The Pressure of Poetry’s Mass Consumption: How I’ve Been Dealing With It

The mass consumption of poetry put a pressure on me. Every day I would write or draft a poem. I repeated that routine almost all of summer. I came to slowly realize it was draining me of my creativity and confidence. I was producing poetry that was a waste of my time. All the things I was writing were terrible and the drafts I had accumulated I couldn’t complete. I realized my drafts were always just a long stanza I couldn’t find direction to. After staring at my draft for too long I convinced myself that it had potential, so I stayed up late trying to force it to find its end. When I would start seeing the sunrise through my window I realized these drafts had no purpose. That truth made me feel like a failure to my own craft. It wouldn’t let me fall asleep right away. Often throughout the day I found myself asking what I was doing wrong. I started becoming intimidated by the page. I couldn’t pick up a pen, type anything on word, or even think about what’s the next leap I wanted my poetry to gain.

It was a month ago that something suddenly changed within me. I began noticing how frequent my fear of writing something and challenging myself was becoming. I had to stop for a second and ask myself what was wrong out loud. After two minutes of asking myself what’s wrong I was able to voice out loud what the issue was. The issue was honesty. The writing I was forcing myself to produce over the summer was not honest. An integral part for me to feel fulfillment come to fruition in my writing relies on honesty. That component was shattered in the failed efforts I was putting to writing, writing, and writing away with no purpose in mind.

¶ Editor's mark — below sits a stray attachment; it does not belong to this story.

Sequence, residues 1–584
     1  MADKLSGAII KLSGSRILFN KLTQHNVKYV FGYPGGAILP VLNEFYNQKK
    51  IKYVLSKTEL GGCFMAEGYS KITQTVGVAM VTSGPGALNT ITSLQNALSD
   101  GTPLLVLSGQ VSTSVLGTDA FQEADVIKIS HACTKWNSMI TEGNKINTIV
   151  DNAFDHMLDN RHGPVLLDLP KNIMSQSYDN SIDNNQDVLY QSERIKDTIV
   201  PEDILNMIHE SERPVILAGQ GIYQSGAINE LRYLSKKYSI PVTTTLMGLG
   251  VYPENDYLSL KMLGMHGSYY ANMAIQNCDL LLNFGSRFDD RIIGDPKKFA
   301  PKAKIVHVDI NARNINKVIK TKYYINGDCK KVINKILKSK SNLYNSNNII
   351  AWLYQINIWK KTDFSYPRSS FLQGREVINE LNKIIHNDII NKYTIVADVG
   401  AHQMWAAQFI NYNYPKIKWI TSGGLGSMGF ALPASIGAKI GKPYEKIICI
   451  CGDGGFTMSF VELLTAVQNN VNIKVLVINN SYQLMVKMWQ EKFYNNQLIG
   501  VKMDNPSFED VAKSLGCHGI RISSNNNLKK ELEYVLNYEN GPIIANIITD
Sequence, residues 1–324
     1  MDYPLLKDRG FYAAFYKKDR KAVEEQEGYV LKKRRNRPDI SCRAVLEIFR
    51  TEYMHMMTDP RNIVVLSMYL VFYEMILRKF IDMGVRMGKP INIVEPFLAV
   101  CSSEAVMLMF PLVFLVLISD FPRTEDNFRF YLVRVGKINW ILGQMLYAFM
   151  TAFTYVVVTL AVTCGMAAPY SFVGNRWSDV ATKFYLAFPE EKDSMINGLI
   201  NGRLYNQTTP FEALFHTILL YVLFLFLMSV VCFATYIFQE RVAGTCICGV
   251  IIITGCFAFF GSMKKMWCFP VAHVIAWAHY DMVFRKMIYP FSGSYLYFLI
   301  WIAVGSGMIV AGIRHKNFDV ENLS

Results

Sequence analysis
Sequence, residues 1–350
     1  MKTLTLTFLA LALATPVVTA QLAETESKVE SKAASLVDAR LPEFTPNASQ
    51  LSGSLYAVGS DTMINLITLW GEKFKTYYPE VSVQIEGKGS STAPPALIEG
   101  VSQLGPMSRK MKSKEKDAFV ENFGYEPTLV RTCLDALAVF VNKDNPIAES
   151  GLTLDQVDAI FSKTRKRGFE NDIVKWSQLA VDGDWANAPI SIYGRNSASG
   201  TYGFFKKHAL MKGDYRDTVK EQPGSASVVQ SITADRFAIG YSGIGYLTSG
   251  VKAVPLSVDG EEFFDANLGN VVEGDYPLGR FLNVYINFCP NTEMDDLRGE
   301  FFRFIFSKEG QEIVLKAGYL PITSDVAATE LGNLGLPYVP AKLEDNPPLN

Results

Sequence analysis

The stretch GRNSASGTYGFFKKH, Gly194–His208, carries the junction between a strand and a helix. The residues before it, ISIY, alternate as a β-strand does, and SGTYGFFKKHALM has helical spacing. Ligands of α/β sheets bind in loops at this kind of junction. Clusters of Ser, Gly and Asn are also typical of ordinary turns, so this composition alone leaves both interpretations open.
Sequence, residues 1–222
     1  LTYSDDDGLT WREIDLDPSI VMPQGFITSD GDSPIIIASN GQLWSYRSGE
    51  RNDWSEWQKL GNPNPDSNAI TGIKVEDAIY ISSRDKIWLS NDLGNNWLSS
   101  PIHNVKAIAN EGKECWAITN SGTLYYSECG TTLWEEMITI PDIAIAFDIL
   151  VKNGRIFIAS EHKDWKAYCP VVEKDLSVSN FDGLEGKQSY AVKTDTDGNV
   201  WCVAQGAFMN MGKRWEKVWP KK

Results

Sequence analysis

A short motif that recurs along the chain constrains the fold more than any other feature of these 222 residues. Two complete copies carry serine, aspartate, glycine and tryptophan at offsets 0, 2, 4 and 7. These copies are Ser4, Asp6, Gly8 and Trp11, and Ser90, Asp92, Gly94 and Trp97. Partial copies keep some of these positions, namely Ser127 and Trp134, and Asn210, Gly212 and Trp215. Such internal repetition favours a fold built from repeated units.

Honesty was part of the issue the other part was myself. I didn’t want to come to terms with things. Honesty meant accepting the experiences I am going through, went through, will go through, and writing about them in order to heal. I wasn’t ready to heal because I was still figuring out how to process, accept, and grow from all the challenges revolving my day to day life.

20150921_175321
After feeling angry with the lack of growth I was accomplishing with my writing I decided to tackle every issue I was afraid of being honest with on. This resulted with me writing on sticky post-it notes all the issues I didn’t want to face. In a matter of minutes half of my bed’s head-frame was filled with post-it notes with my issues. These post-it notes gave me a big reflection on what my current state of mind is. All the issues I wrote down at the moment inflict so much emotional pain on me. At the top of the post-it list is my mother’s health.

It felt uneasy at first deciding I was going to write about my mother’s health again. There were four post-it notes that I wrote in regards to that issue. One had false messiah, the other song, the third one had blood (x3) nose bleed, and the last one had mother. For two weeks I would just look at those post-it notes, while embracing and organizing my thoughts, feelings, and identifying my pain over them. It was agonizing but at the same time therapeutic. On the third week I drafted out a layout on what I wanted the central components of my poem to consist of.
20150921_175004
This step by step process and the amount of time it was taking for me to write wasn’t new to me. I had become unfamiliar with it. I stopped doing these things after I turned nineteen. It took a month for me to write a poem that had outstanding quality to me. I performed this poem at EastSide Poetry at The Daily Brew Coffee Bar in Montebello, California about a week ago. Whether the poem was successful to the audience I do not know. The important thing is that as an artist it was successful to me and that it was the best representation of what I currently am aiming for with my poetry. I cannot express to you enough how important it is for you to find your purpose. What is your purpose? Find your purpose. Every day I wake up reflecting on my purpose and asking myself if it’s still relevant to the person I need to be right now. If it’s not I find a way for my purpose to either change or adapt to who I am.

Advertisements

Moon Pixel’s Features for August

8/28/2015 Features for Moon Pixel

Jeffrey Graessley: resides in La Puente, CA. His debut collection, Dual Impressions, co-written with John Brantingham was published by Silver Birch Press earlier this year. He is also the author of the chapbooks Cabaret of Remembrance (2013) and The Old Masters (2015). Moreover, his recent discovery of the TV show Drunk History has given his life new meaning.